Daisypath Anniversary tickers

Daisypath - Personal pictureDaisypath Anniversary tickers

Tuesday, June 19, 2018

Happy Half Century 

  1. So, I turned 50. I went to see my grandma on my birthday. And I cried like a baby. I told her the truth about everything. That I'm scared they won't get all of the cancer. That I'm tired of going to treatment every single day. That it's just not fair. She agreed with everything I said, like she always has. She hugged me. She cried. She told me she loves me. It was all that I needed. 
  2. I also went to see my Mom on my birthday. I thought about how she might have felt 50 years ago when she gave birth to her first baby. I can relate to her more than I ever have, now that this vicious disease has attacked me too. Dang, but I miss her. 
I also got to see most of my grandbabies over my birthday weekend. Feeding Kendricks an ice cream cone was one of the cutest things ever. I love the ice cream on his nose :) 
It was Fathers Day on my birthday, and I got to see my Dad and all of my siblings except Ted. We don't do this often enough. 

We went to Wendover, and Ken bought me this necklace from a Native American selling jewelry at the rest stop on the Bonneville Salt Flats. It has significance for me because my people call themselves #tinastribe. You can see the rashes on my skin from the radiation. 
I grew up 90 miles from here, and I had never actually stepped onto the salt flats until now. It was crazy cool. Your feet get covered in salt as if you are on the beach getting covered in sand. 
It's not officially summer until I've had my first strawberry acai refresher from Starbucks. This one didn't even last long enough to get a good photo.
On Friday, all of my sisters and my niece Brooklyn surprised me and showed up at the hospital before my radiation treatment. They threw me a birthday party right there in the waiting room. I loved the cookies Tami made,, "Before" and "After" mastectomy cookies. Love it! 
I took Riken to my radiation appointment and everyone told me what a pretty little girl he is. Yeah, we get that a lot. He IS pretty. 
Tyler and Kieonah know me so well :) 

Thursday, June 14, 2018

Don't Make Friends in the Cancer Center

One of the radiation techs really did say this to me on Monday.
I had seen a "new girl" last week at radiation, and on Monday she went into the waiting room to get some pamphlets while I was waiting. I did my whole bubbly, positive thing that I've been doing all along. I asked her what her name is, made small talk about radiation, and I said "It could be worse, right?" thinking that atleast we are in radiation, not chemo. She had all of her hair and looked fantastic. She looked me in the eye and said "I have Stage IV metastatic breast cancer. I am having radiation to reduce the size of my tumors so I can try and live a little bit longer but I know that this is what will kill me. I don't think it could get much worse." I cried. She cried. I hugged her. I couldn't feel the hug because I have fake breast expanders where my real boobs  used to be.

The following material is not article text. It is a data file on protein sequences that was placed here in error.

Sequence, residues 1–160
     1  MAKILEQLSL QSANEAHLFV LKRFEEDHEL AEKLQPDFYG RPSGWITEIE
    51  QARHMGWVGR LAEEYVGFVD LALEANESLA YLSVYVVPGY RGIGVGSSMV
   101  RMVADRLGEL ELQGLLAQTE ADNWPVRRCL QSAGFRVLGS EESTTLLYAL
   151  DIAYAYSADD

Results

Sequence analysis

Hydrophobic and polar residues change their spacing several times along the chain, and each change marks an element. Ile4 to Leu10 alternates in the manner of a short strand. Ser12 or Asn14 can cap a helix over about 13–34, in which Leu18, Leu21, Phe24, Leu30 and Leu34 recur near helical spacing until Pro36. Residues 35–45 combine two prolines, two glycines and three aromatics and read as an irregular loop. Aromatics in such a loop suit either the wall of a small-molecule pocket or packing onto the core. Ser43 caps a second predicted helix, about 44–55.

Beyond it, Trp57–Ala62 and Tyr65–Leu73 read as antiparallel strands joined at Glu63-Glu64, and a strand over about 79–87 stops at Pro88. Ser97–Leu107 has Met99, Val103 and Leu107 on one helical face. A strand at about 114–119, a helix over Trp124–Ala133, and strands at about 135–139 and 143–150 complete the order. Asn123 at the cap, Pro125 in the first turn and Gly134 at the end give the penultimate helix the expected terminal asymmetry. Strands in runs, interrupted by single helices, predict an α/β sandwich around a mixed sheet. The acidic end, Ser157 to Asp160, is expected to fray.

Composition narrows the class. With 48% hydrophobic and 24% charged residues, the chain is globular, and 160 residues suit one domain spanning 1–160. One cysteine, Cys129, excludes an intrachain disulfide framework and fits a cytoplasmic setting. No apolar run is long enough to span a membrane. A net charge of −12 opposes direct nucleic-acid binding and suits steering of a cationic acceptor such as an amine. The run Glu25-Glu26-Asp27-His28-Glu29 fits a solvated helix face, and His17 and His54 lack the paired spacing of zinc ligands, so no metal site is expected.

The radiation tech, Brooke, came in to get me for my treatment and saw me crying with the new girl. When we got into the treatment room, Brooke said "Don't make friends in the cancer center, Tina". The implication was very clear. One or both us probably won't make it. We will DIE. Sooner than later. Because, you know, we have effen CANCER!!! Ugh. It's getting so REAL for me lately. Not sure why it took this long. Was I in denial? Just super optimistic? Just stupid? I don't know. But I do know that cancer sucks. 

Thursday, June 07, 2018

Simply Radiant

I will be having 28 rounds of radiation treatments. Today is Day #8. I couldn't do it without these people. Tami and Brooklyn come to Provo on Fridays and we eat in the hospital cafeteria. We laugh so hard. We call ourselves the #Core4. It helps. 
I also wear a different pair of novelty socks each day. 

8 days down. 28 to go. 

Sunday, May 27, 2018

Light at the end of Limbo

This is our life now. Doctor appointments so often that this seems like a fashion choice and Ken just plays on his phone. My sister is so amazing to check on me like every day and see how I am emotionally and physically, but for the most part, life has to go back to normal for everyone but me and Ken. We live this stupid cancer thing every day. Ugh. 
Radiation starts the day after tomorrow. Yay! 
His boss is being so cool. He said Ken can leave every day at 2:00 to take me to my appointments. I really just want to get these treatments done so that our lives can go back to normal too. 
We did have a little fun this week though. 

Last weekend was my niece Kylie's baby shower. It was so good to see my family, and Kylie is the cutest pregnant mom ever. 

New baby!!!! Ken's daughter Jenny had a sweet little baby boy named Cooper James and he is already known as CJ. He fell asleep on my chest! I had been so worried about that.